At the beginning of this post, I referenced winter’s doldrums, and the longing for summer. One song this week succeeded in transporting us to the carefree memory of past and future summers. Jake, who saw Cold War Kids perform at Basilica Block Party last July, expressed that listening to this song made him feel as if he were right back there. I get the same sort of feeling, starkly reminded of festivals past — the heat of the crowd, the rattle of the bass, the all-consuming experience. For that reason, the Long Beach rockers edge out the Long Beach rapper.
Your weekly winner,
Cold War Kids ::: Love is Mystical
“I Swear,” Wyclef Jean ft. Young Thug
- This song was close to winning the week for me. Wyclef Jean’s new EP was probably the best thing I heard this week front to back. Young Thug is my boy though and as expected Wyclef’s collaboration with him “I Swear” was my favorite specific track. So if you like this song go listen to the whole EP.
“HEAT,” The Knocks ft. Sam Nelson Harris
- I’ve mentioned this before but I ride for The Knocks, love their stuff. Their TESTIFY EP came out this week and HEAT is definitely my favorite song off of it. I don’t care what your musical tastes are, I can’t imagine anyone hating this song. If you do you’re a bad person.
“Ran,” Future Islands
- I first heard Future Islands last year with their song “Seasons (Waiting on You).” They played a show at the Aquarium in Fargo and I missed it…definitely one of those concerts that got away. This song is great though so hopefully I’ll get another chance to see them soon.
- EDM alert. This song follows the classic formula of a chick singing on an EDM track and it’s a formula for a reason.
- This song is definitely a little out there. This is Jamiroquai’s first song since their last album in 2010. Probably not going to be for everyone but when the chorus hits at 1:10 it just feels sooooooo right. I’ve been listening to this song a ton and am excited to hear the new album on its way.
“(No One Knows Me) Like the Piano,” Sampha
- Sampha is a British singer-songwriter with an impressive resume of collaborations with some big name artists (Kanye, Solange, and Drake to name a few). This track comes from his debut album, Process. Beyond its obvious aesthetic beauty, this song allows Sampha do some big-time flexing of his vocal talents and song-writing prowess.
“Monday to Monday,” Saba
- Saba is a rapper out of Chicago who first came to my attention via another Chicagoan, comedian Hannibal Burress. “Monday to Monday” is his latest release since his late 2016 mixtape Bucket List Project. Saba came up in the music scene with WOLFSONGS favorite Chance the Rapper (shout out this track from the excellent Acid Rap) and is one to keep your eye on. Dude’s got bars.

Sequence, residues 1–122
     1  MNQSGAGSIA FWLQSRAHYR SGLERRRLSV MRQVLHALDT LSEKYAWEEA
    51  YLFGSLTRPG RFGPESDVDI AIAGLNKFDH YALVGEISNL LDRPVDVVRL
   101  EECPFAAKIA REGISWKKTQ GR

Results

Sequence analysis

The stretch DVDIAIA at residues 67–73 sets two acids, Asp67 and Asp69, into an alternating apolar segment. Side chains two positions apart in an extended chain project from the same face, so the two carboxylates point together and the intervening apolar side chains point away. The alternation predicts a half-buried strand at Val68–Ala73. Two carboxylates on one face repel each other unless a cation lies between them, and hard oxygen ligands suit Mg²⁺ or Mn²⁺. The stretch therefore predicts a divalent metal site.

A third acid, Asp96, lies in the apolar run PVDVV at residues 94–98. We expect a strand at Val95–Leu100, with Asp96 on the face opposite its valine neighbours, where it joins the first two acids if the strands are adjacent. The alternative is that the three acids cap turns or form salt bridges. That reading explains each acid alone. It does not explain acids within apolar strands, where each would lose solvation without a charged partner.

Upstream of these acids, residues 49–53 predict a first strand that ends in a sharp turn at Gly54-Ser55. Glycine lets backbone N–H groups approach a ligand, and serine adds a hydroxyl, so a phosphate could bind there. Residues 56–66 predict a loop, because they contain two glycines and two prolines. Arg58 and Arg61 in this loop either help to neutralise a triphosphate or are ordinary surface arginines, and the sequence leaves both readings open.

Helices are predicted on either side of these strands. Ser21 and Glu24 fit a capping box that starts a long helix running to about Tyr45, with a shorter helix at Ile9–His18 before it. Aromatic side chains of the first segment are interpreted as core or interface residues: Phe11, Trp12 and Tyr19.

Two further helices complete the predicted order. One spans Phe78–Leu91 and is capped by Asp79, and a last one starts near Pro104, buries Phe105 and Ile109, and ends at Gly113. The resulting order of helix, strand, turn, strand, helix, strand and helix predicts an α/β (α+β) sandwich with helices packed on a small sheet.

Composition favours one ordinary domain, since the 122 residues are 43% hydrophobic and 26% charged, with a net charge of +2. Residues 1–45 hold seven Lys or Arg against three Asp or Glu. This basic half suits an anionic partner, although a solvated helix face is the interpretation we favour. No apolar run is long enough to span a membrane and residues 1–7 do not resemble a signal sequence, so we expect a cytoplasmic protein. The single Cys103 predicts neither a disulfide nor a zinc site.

“Coconuts,” Anna Wise
- Continuing the theme of second bananas coming into their own, this single comes to us from frequent Kendrick Lamar collaborator Anna Wise. It’s a pretty fresh slice of pop/R&B, and comes as a preview for the sequel to her 2016 EP The Feminine: Act I. She had a major hand in good kid m.A.A.d city (both writing and singing), and also contributed to To Pimp a Butterfly and untitled unmastered. If KDot approves, I approve.
“Magnificent (She Says),” Elbow
- British rockers Elbow have been around for the better part of two decades, but are new to me (s/o my boss Jerry for the recommendation). This is the first track from their seventh studio album, Little Fictions. It errs on the side of conventional modern British pop/rock, but in the best way. I like how the strings are used, and the soaring chorus really stays with you.
“Keep Running,” Tei Shi
- This song has been out for a couple weeks, and fell just short of my list last week. For whatever reason, I kept it in the rotation of considerations for this week, and the more I listened the more I loved it. Argentinian-born, Brooklyn-based artist Tei Shi shows off her smooth, sensual brand of pop in this sexy little diddy.
SHOWDOWN FOR THE BELT
Who says rock is dead? Ok, a lot of people are saying that, and with pretty good reason, but the point stands that there are still some great rock bands out there fighting the good fight. Here we see one veteran rock group being challenged by another for the 2016 SOTY Belt, in an era where pop, hip hop, dance, and R&B have a dominating hold on popular music. The stuff of legends, people.
Perhaps it’s a bit fickle that it happens this way, perhaps it’s fitting. Either way, the Cali rockers have tagged in to oust their indie brethren for the rightful title of belt holder. The cold war tactics to trick us into a summer feeling have ironically dispatched with our hot thoughts. How’s that for some mental gymnastics?
Winner, Cold War Kids.
In mother Russia, belt wears YOU!